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Ranger Games

By: Ben Blum

Publisher: Knopf Doubleday Publishing Group

Imprint: Doubleday

Format: Hardcover | ISBN: 9780385538435

Other Formats:

Electronic | Compact Disc | Trade Paperback | Audiobook Download

On Sale: | Pages: 432

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Intricate, heartrending, and morally urgent, Ranger Games is a crime story like no other  Alex Blum was a good kid, a popular high school hockey star from a tight-knit Colorado family. He had one goal in life: endure a brutally difficult selection program, become a U.S. Army Ranger, and fight terrorists for his country. He poured everything into achieving his dream. In the first hours of his final leave before deployment to Iraq, Alex was supposed to fly home to see his family and beloved girlfriend. Instead, he got into his car with two fellow soldiers and two strangers, drove to a local bank in Tacoma, and committed armed robbery...      The question that haunted the entire Blum family was:  Why?  Why would he ruin his life in such a spectacularly foolish way?     At first, Alex insisted he thought the robbery was just another exercise in the famously daunting Ranger program.  His attorney presented a case based on the theory that the Ranger indoctrination mirrored that of a cult.       In the midst of his own personal crisis, and in the hopes of helping both Alex and his splintering family cope, Ben Blum, Alex’s first cousin, delved into these mysteries, growing closer to Alex in the process.  As he probed further, Ben began to question not only Alex, but the influence of his superior, Luke Elliot Sommer, the man who planned the robbery. A charismatic combat veteran, Sommer’s manipulative tendencies combined with a magnetic personality pulled Ben into a relationship that put his loyalties to the test.      
...a riveting exploration of the malleability of memory and the stories we choose to tell — to others and to ourselves.... Blum is as gifted with language as he is with numbers, and “Ranger Games” is an extraordinary book, a thrilling, bumpy journey into the complexities of the mind, with its capacity to protect and betray — often within the very same moment.
—Washington Post
...a riveting exploration of the codes of conduct by which men are meant to comport themselves, the lengths to which we go to forge identity, and how far the stories we tell can be stretched before they become prisons of our own making.... If Mr. Blum begins as the odd piece in the family puzzle, his precise, exhaustive and sympathetic work proves both deeply salutary and in step with the logistician's mind.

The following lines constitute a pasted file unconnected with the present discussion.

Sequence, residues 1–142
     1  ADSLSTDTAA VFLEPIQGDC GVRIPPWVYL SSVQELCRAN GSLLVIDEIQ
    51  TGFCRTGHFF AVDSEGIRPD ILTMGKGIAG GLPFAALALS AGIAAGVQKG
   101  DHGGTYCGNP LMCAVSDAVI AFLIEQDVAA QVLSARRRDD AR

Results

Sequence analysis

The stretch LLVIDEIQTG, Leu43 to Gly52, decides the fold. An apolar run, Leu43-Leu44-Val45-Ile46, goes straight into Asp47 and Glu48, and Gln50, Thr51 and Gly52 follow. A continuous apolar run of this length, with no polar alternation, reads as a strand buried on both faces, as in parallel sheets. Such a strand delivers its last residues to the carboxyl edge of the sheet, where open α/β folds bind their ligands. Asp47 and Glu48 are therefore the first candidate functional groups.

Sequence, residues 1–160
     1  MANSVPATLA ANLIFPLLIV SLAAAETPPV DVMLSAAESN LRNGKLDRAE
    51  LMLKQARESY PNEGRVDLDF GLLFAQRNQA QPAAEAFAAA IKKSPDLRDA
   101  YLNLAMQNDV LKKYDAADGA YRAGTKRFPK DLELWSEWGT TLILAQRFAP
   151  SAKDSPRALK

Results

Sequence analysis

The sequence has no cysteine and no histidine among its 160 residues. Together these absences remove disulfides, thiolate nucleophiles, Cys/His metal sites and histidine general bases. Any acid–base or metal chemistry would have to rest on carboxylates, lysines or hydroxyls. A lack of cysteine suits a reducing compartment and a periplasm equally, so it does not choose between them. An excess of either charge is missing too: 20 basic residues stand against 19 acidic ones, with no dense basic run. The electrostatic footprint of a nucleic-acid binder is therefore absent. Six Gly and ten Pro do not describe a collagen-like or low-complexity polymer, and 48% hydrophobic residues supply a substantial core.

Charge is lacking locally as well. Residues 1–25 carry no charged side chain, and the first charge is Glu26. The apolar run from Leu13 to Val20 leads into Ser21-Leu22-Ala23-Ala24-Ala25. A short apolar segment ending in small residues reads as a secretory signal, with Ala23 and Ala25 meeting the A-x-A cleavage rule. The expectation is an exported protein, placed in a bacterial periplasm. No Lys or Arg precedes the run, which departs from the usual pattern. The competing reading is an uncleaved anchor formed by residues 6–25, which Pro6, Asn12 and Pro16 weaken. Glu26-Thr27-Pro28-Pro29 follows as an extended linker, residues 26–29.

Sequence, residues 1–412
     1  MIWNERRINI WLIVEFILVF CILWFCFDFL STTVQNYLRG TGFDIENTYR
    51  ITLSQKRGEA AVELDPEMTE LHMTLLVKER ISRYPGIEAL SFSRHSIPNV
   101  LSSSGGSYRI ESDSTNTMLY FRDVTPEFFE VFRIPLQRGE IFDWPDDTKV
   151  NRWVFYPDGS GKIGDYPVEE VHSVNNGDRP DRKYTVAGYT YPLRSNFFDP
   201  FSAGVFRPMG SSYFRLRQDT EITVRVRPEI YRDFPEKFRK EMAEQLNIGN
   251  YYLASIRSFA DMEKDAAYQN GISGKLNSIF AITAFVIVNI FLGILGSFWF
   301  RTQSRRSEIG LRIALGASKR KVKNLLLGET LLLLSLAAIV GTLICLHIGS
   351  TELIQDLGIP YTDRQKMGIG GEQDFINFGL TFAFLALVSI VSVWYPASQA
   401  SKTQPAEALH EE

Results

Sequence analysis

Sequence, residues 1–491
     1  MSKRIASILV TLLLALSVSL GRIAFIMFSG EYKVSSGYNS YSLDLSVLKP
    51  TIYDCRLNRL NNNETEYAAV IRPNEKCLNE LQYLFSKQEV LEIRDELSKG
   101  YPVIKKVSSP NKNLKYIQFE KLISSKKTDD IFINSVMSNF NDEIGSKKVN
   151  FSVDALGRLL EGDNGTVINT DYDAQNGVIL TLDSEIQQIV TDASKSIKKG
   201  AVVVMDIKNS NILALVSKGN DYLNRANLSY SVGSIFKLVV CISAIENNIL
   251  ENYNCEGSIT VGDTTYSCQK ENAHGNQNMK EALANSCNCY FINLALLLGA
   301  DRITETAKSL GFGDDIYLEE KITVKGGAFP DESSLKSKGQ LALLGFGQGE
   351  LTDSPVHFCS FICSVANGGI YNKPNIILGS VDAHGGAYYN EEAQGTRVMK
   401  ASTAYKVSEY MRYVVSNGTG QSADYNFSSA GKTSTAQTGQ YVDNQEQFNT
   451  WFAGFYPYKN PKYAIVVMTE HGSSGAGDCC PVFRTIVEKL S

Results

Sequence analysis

—Wall Street Journal
This is the true story of one horrible event and a subsequent web of lies. It's about believing in something bigger than the fact that one person and his grandiose ideas can indeed throw generations of lives off course.... RANGER GAMES takes the saying When they ask you to jump, you say how high to a dangerous level.
Ben Blum's story of an Army Ranger's involvement in a bank robbery is an uncompromising search for the truth and a stirring testament to the healing power of writing.... “Ranger Games” is a book that rewards a reader's patience. The book isn't straightforward reportage, but rather a chronicle of Ben Blum's search for the truth behind his cousin's baffling fall from grace.... “Ranger Games” is a rich and demanding exploration of the perils and rewards of truth seeking: It will repay successive readings with insight into the intricacies of the human psyche.
—Minneapolis Star Tribune
Ben Blum, a mathematical prodigy turned writer, regards his popular, athletic cousin with a certain awe. But what he learns of the Army's harsh basic training, designed to break recruits down and train them to kill, appalls him.... The main question with which he grapples in this finely written and reported (but overlong) memoir is why his law-abiding cousin chose to commit a criminal act.
—Chicago Tribune
"Ranger Games" is in part a family story, about the unlikely bond between two very different cousins. It is also a fascinating tutorial on the psychology of modern warfare and social coercion. Philip Zimbardo, who conducted the fabled Stanford prison experiment (it revealed just how cruel ordinary people could be, given the right alignment of circumstances) even comes to Alex's defense, going so far as to appear on "Dr. Phil" with him. The tragicomic chapters about this episode alone are worth the price of the book. I spun through them, the pages whipping by like an old-school Rolodex.... [A] memorable, novelistic account is what Blum has written.
—New York Times
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